But another aspect that is peculiar to the Internet causes people to respond instantaneously. That is the matter of information surfeit.

In the glutted aether of the cloud, on the banks of the information streams of Facebook and Google+, the din of those seeking one’s attention is deafening. It is as if a thousand people were walking by, shouting in your face as they pass. How could one possibly engage in meaningful conversation under such circumstances? By the time you’ve gathered your thoughts, formulated your response, they are gone replaced by another. So what do we often do? Shout back, because, quite frankly, we don’t have the time.

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They say brevity is the soul of wit, and that the simple things are best. This is often true. But what is also true is that systems, whether ecological, political, historical, or societal are complex.

One can attack Sean Penn in 140 characters, but one cannot make a compelling argument using the same character count, any more than one could compress a cinematic masterpiece down to a 7-second loop.

People often complain about the word wrangling of academics and intellectuals, those individuals who ask questions where clearly none should exist (I am being ironic here), or who cloud an otherwise clear-as-day discussion with murky perspectives.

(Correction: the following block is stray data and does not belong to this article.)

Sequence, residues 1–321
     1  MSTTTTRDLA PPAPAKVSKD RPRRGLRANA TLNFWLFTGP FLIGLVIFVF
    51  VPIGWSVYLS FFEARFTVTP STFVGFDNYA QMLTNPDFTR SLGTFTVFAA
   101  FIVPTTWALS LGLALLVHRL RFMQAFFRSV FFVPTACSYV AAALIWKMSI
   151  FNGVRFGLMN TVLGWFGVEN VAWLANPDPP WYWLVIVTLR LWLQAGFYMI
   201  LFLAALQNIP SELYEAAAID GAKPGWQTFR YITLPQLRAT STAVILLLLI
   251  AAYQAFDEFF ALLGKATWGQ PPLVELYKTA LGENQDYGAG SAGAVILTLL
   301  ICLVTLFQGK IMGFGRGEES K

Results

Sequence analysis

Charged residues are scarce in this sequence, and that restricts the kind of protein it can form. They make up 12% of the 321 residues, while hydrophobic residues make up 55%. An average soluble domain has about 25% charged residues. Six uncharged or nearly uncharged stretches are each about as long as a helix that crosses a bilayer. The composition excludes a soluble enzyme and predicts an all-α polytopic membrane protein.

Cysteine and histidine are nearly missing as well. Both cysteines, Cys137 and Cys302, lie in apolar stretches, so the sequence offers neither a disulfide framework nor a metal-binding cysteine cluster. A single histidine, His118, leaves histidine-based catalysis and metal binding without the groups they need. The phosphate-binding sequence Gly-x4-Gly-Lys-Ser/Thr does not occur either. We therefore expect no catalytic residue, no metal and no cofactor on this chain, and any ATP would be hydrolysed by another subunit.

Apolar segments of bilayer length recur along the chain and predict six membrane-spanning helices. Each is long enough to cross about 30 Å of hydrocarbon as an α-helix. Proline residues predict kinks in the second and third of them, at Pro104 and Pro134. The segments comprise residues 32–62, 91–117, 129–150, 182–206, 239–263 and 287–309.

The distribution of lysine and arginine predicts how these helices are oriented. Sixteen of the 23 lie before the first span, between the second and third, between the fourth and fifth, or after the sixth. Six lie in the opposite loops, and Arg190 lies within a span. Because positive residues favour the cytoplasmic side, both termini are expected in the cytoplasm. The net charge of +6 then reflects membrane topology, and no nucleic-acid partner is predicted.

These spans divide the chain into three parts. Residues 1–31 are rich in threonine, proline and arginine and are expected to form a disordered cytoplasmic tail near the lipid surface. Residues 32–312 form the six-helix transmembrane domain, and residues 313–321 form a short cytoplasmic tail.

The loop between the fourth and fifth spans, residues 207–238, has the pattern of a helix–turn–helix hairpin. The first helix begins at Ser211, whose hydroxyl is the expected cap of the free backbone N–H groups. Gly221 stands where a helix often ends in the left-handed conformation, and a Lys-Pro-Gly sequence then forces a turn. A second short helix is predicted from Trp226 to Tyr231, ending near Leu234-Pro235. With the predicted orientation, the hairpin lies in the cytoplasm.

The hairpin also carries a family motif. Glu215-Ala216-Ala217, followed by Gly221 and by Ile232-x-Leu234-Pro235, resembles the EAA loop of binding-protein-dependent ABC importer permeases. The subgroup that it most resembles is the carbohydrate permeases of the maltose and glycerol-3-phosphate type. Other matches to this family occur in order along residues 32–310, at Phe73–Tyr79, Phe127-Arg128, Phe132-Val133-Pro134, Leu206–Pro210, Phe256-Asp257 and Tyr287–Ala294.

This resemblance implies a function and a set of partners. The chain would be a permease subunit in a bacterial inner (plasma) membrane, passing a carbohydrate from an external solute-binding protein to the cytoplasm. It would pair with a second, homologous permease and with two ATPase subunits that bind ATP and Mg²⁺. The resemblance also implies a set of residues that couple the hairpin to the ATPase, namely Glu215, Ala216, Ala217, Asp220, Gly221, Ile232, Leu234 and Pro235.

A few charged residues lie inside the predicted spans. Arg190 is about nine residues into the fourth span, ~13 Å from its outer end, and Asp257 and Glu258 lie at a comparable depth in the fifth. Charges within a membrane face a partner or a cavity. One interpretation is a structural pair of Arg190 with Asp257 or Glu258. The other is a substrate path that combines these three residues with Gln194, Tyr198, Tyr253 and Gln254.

This is often a legitimate concern. 

Just as often, however, ragging on intellectuals, as a particularly American exercise, is simply an excuse for laziness. We don’t want to be inconvenienced with murky perspectives, we don’t want to have everything be “problematic” and “doubtful”. Because once you start venturing onto those slippery terms, the ice beneath your feet becomes thin. So, we use the Internet selectively, searching for the outlooks that reinforce what we already believe!  

And herein lies one of the problems: The Internet is so translucent that darkness cannot escape. Irony and satire, which exist in the shadows or, at the very least, are shadows of the people and institutions they parody, dim when there is no longer anything that can’t be said.

But of course, this isn’t true. There are things that can’t be said.

But I’ll save that argument for my next post.

The Death of Irony, the Demise of Satire I

My New Years post, Top Ten Ways to Drive Traffic to your Speculative Fiction Blog, had twice the traffic of any I’ve written. It was a satirical piece that I wrote foremost for fun.

However, I also wanted to test a suspicion that had been growing. Namely, the question of whether irony and satire still have legs in the digital age.